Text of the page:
43.4 kilometres were covered in the first hour of racing and things remained relatively quiet until the 57 kilometre point, when Amets Txurruca (Euskaltel Euskadi) and Pierrick Fedrigo (Bouygues Telecom) attacked one kilometre from the summit of the second KOM of the day, the fourth category Côte du Mas-Rouet. They got a good gap and remained clear after a chasing group containing John Gadret (Ag2r Prévoyance), Haimar Zubeldia (Euskaltel Euskadi), Christophe Le Mével (Crédit Agricole), Thomas Voeckler (Bouygues Telecom), Nicolas Vogondy (Agritubel) and Juan Manuel Garate was caught.
Ten kilometres later the leading duo’s advantage had ballooned to 3'15" and this jumped to ten minutes by the time Txurruka led over the fourth category Col du Buis, a 2.6km climb at a 4.8% grade.
Big Markus Burghardt (T-Mobile) jumped clear of the peloton before the top to nab the points for third and then continued on to try to bridge up to the front duo. Fedrigo took the two sprints in Herepian after 81.5km and Olargues after 101km and after the second of these, with 77 kilometres remaining, the lead was 8'30". Burghardt was still trying hard and got halfway across, but he finally ran out of gas near the tiny village of Riols, 64 kilometres from the line, and sat up.
As the final climb of the day, the 2nd Cat. Montée de la Jeante approached after 120 kilometres of racing, Liquigas moved to the front and ramped up the pace. However Fedrigo, the winner of Tour stage fourteen in 2006, and the young Basque climber Txurruca were riding well together and their gap was still over seven minutes.
The French/Basque combination kept plugging away and atop the 10.4 km Jeante ascent, they still had 5'15" in hand with some 48km to go. Liquigas had left it to Caisse d'Epargne and Discovery Channel to keep the chasing going as a headwind picked up.
Over the next 15km, the road rolled up and down through a deep pine forest before the descent towards Castres. It was at this point that Lampre-Fondital hit the front to try and bring the break back for their sprinter Daniele Benatti. Big Marzio Bruseghin and Daniele Righi were pulling hard and were joined by Française de Jeux.
The gap then fell rapidly and, as the descent began with 20km to go, was down to 2'08". That meant it was going to be close as to whether the break would be pulled back or not, as there were only nine kilometres of flat roads between the base of the descent and the finish in Castres.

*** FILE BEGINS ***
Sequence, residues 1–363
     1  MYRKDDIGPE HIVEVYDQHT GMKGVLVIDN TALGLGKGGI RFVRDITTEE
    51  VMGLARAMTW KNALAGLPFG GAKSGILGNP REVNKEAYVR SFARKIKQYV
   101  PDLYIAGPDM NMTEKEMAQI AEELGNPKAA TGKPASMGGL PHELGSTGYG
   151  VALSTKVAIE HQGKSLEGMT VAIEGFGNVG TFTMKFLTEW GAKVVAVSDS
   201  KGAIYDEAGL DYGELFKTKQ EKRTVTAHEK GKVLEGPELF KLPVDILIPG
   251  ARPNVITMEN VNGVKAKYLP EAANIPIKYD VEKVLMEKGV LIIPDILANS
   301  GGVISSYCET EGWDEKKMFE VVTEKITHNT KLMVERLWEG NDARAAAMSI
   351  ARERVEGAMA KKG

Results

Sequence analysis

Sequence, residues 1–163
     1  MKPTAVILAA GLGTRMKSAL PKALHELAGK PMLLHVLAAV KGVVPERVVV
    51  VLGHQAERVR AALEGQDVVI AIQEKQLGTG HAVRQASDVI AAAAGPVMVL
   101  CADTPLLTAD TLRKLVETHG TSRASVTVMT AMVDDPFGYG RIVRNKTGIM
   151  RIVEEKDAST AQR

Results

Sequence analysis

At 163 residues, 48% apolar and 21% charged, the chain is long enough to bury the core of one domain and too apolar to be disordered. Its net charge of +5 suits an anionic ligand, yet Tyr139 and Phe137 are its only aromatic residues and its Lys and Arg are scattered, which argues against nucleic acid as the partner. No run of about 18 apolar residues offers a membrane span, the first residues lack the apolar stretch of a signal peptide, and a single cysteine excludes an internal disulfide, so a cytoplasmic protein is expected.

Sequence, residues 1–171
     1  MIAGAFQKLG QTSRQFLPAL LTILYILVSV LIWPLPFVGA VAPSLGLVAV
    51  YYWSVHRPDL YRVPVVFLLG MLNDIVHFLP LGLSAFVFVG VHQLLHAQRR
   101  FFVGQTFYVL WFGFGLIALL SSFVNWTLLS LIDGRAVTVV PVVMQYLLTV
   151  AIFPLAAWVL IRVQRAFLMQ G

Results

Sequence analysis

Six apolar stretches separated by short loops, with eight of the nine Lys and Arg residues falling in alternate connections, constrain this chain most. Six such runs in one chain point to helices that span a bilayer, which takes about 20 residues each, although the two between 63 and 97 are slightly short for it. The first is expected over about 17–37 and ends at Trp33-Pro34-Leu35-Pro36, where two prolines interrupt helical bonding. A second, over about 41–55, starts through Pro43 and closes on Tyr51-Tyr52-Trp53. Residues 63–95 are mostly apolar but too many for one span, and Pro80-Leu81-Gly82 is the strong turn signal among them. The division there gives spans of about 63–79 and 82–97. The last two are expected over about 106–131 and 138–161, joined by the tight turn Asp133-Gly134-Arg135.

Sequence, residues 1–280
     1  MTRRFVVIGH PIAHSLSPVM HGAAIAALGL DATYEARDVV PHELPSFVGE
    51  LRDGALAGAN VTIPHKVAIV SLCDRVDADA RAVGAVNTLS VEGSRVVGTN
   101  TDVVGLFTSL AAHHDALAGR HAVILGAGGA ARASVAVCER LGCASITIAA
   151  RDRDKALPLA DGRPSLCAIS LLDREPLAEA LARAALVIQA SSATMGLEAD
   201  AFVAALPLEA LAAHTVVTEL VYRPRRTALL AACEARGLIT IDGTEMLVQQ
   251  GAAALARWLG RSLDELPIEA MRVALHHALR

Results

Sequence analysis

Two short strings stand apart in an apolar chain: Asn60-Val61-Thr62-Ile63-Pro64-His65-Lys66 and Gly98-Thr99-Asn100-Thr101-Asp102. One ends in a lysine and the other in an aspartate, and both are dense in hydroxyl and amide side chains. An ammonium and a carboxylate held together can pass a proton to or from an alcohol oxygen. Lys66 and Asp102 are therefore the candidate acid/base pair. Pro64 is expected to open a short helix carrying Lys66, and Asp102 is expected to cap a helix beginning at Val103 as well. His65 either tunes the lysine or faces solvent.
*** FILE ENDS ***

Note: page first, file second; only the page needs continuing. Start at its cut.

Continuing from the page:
The pursuit match was on. As Castres grew closer, the sprinters’ teams were pounding hard in a bid to pull back the break. Quick.Step, Lampre and Credit Agricole were all chasing the two men up front and this was eating into their lead. With five kilometres to go the gap was half a minute and falling, and with two clicks to go it was only eight seconds. Finally, with 1200 metres left before the line, the break was caught after some 134 kilometres of freedom.
Quick.Step was clearly in charge with Tom Boonen sitting third wheel as the final 500 meters approached. Steegmans launched hard around that point and delivered a perfect leadout for Boonen, who looked to have an extra gear thanks to the boost of wearing the maillot vert.
Boonen took off right up the middle of Avenue Charles DeGaulle and quickly got a bike length’s lead on the riders behind. Erik Zabel tried to sneak by on the right as Robbie Hunter went on the left. Both came up on Boonen in the final meters but not soon enough to prevent the Quick.Step Innergetic rider solidifying his lead in the competition for the green jersey.
After two weeks of racing, the race of truth in Albi will make another important selection towards determining who will win the 2007 Tour De France. A twisty, tricky out and back time test, Stage 13 could prove unlucky for riders who are not competent at the discipline.
The first 20 kilometres are a gradual uphill, then the course is downhill and flat until the 34 kilometre point, where the four kilometre climb up the sinuous Cat. 4 Côte de la Bauzie' awaits. Then there is a difficult descent and return to Albi on the D999 road where an experienced tester can make a difference.
CSC's London prologue winner and World TT champion is probably the favourite to win, while Astana's Kloden also a rider who may have a good chance to take the stage. But the race for the Maillot Jaune is the key to the test and will show which riders truly have a chance to land victory in the 2007 Tour De France.
Current Maillot Jaune Michael Rasmussen is a pure climber and claims to have done little work on his time trial skills. Caisse d'Epargne's Alejandro Valverde is in second on GC, 2'35" behind Rasmussen while Iban Mayo (Saunier Duval – Prodir) is at 2’39” and Predictor's Cadel Evans is fourth, two seconds further back.
Top Astana rider Kloden is sitting sixth at 3'50" while Discovery Channel has Levi Leipheimer at 3'53", and don't forget T-Mobile's Kim Kirchen in 9th on GC, 5'06" behind.
Valverde and Evans have the best chance to take over the Maillot Jaune, as conventional wisdom sees Rasmussen losing 4" per kilometre to good time trialists over the 54km distance. That's 216 seconds, or 3'36" which puts both riders well within striking distance.
It's not likely that either Klodi or Levi can take the Maillot Jaune, but with strong rides, they can move up on GC and remain in the hunt for the Tour title. CSC's duo of Carlos Sastre and Franck Schleck have to have excellent rides if they expect to contend for the final Tour win in Paris.
Valverde has improved much in time trialling over the past few years, but his best performances have come at shorter distances. Cadel Evans may find himself in the maillot jaune Saturday evening, but don't be surprised if he's not that far ahead of Rabobanker Rasmussen, who really has something to prove at this years Tour De France.
Km 38.5: Côte de la Bauzie': 4km climb @ 3.4 % grade / 4th Cat.